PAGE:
Meet Krupal Modi, Google Developer Expert in Machine Learning.

Image shows Krupal Modi, machine learning Google Developer Expert

GDE Krupal Modi

The early days

Krupal Modi didn’t set out to become a developer, but when he did some projects in college related to pattern recognition, in which he built and programmed a robot to catch a ball based on the color of the ball, he got hooked.

“Then, it just happened organically that I liked those problems and became a developer,” he says.

Now, he has been a developer for ten years and is proficient in Natural Language Processing, Image Processing, and unstructured data analysis, using conventional machine learning and deep learning algorithms. He leads machine learning initiatives at Haptik, a conversational AI platform where developers can program virtual AI assistants and chat bots.

“I have been there almost seven years now,” he says. “I like that most of my time goes into solving some of the open problems in the state of natural language and design.”

Image shows Krupal on stage holding a microphone giving a presentation on NLP for Chatbots

Machine learning

Krupal has been doing machine learning for nine years, and says advances in Hardware, especially in the past eight years, have made machine learning much more accessible to a wider range of developers. “We’ve come very far with so many advances in hardware,” he says. “I was fortunate enough to have a great community around me.”

Krupal is currently invested in solving the open problems of language understanding.

“Today, nobody really prefers talking with a bot or a virtual assistant,” he says. “Given a choice, you’d rather communicate with a human at a particular business.”

Krupal aims to take language understanding to a new level, where people might prefer to talk to an AI, rather than a human. To do that, his team needs to get technology to the point where it becomes a preferred and faster mode of communication.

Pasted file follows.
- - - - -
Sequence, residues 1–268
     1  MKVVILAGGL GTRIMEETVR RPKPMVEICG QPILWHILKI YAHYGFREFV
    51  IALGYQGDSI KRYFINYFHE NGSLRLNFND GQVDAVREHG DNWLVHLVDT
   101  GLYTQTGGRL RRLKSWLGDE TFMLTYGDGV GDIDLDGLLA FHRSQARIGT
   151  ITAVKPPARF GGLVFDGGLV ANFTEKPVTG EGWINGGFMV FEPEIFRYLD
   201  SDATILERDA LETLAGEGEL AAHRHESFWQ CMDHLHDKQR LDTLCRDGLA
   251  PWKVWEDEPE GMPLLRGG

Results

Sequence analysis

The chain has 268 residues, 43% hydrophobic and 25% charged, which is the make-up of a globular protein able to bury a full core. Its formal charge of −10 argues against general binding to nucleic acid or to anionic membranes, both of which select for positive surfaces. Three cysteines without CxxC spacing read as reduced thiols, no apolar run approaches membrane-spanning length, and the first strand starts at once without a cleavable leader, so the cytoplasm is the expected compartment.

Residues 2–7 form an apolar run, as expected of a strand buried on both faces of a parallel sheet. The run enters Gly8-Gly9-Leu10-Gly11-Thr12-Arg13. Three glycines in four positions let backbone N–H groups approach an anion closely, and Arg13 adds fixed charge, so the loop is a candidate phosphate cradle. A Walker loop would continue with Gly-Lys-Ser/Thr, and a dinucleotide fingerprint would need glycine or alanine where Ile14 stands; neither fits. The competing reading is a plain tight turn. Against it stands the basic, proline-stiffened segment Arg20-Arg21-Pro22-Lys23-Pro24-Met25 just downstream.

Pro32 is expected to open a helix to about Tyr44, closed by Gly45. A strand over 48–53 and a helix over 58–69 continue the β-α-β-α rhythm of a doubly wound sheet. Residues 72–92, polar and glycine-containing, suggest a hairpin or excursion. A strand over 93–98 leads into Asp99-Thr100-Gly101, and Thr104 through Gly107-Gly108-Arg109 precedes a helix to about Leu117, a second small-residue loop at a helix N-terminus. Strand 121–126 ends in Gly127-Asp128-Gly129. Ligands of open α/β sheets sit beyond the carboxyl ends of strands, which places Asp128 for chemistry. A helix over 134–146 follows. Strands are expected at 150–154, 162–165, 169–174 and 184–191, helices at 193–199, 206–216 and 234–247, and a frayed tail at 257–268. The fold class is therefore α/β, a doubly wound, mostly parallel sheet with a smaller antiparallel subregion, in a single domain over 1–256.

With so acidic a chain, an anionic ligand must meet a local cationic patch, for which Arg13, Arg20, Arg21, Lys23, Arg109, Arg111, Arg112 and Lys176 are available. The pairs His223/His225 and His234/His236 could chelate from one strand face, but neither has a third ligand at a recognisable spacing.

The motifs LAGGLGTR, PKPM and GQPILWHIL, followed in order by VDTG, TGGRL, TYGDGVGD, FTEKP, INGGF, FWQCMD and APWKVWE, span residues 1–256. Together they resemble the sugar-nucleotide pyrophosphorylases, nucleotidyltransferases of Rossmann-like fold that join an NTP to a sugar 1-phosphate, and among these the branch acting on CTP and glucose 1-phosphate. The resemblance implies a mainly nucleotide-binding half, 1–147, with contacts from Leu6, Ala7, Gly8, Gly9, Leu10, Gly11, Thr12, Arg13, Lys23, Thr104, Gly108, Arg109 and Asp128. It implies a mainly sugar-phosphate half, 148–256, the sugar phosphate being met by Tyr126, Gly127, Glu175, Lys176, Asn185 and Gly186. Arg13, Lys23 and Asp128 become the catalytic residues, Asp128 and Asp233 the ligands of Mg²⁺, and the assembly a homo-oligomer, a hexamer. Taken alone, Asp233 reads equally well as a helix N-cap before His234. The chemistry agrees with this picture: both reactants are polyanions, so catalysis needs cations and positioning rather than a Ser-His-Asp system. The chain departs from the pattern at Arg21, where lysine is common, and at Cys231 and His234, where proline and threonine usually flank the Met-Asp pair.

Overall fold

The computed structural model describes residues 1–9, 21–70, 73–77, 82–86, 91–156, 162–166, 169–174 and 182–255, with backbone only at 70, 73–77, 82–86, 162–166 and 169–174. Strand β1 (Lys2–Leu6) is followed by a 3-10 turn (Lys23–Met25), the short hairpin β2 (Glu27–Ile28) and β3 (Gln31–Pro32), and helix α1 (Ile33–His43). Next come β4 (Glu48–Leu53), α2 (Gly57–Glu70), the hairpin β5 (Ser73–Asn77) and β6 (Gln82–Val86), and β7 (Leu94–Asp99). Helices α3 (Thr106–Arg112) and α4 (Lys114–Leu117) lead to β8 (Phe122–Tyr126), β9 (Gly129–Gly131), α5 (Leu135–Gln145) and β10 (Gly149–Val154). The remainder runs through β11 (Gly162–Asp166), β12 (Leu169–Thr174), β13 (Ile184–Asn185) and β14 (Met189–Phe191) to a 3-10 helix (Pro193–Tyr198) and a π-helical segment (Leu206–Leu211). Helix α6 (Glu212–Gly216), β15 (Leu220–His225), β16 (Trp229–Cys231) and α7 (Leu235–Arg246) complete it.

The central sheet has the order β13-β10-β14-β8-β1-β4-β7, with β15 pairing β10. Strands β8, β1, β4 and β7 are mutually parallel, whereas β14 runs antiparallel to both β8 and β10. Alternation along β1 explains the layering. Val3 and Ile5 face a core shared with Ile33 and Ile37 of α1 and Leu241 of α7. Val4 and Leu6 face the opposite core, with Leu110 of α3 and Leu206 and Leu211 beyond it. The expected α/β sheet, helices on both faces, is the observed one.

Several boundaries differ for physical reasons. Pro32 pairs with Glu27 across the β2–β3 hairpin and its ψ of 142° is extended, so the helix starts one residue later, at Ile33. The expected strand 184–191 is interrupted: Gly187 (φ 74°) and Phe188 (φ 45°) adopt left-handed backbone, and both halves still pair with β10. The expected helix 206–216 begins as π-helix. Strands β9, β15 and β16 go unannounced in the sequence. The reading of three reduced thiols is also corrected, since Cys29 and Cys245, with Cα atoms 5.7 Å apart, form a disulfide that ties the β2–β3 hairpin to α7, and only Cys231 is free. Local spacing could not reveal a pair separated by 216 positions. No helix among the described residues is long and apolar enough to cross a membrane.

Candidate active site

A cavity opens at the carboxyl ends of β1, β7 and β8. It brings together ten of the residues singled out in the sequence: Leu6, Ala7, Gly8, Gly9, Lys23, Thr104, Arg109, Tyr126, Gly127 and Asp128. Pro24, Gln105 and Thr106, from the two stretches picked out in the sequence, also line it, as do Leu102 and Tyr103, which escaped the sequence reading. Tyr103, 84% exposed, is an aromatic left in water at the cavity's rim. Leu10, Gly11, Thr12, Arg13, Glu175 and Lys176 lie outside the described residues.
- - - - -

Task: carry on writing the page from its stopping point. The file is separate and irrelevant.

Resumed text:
Ultimately, Krupal’s dream is to make sure whatever technology he builds can impact some of the fundamental aspects of human life, like health care, education, and digital well being.

“These are a few places where there’s a long way to go, and where the technology I work on could create an impact,” he says. “That would be a dream come true for me.”

Image shows Krupal on stage standing behind a podium. Behind him on the wall are the words Google Developers Machine Learning Bootcamp

COVID in India/Government Corona Help Desk Module

One way Krupal has aimed to use technology to impact health care is in the creation of the MyGov Corona Helpdesk module in India, a WhatsApp bot authorized by the Indian government to combat the spread of COVID-19 misinformation. Indian citizens could text MyGov Corona Helpdesk to get instant information on symptoms, how to seek treatment, and to schedule a vaccine.

“There was a lot of incorrect information on various channels related to the symptoms of COVID and treatments for COVID,” he explains. “Starting this initiative was to have a reliable source of information to combat the spread of misinformation.”

To date, the app has responded to over 100 million queries. Over ten million people have downloaded their vaccination certificates using the app, and over one million people have used it to book vaccination appointments.

Watch this video of how it works.

Image is a graphic for MyGov Corona HelpDesk on WhatsApp. The graphic displays the phone number to contact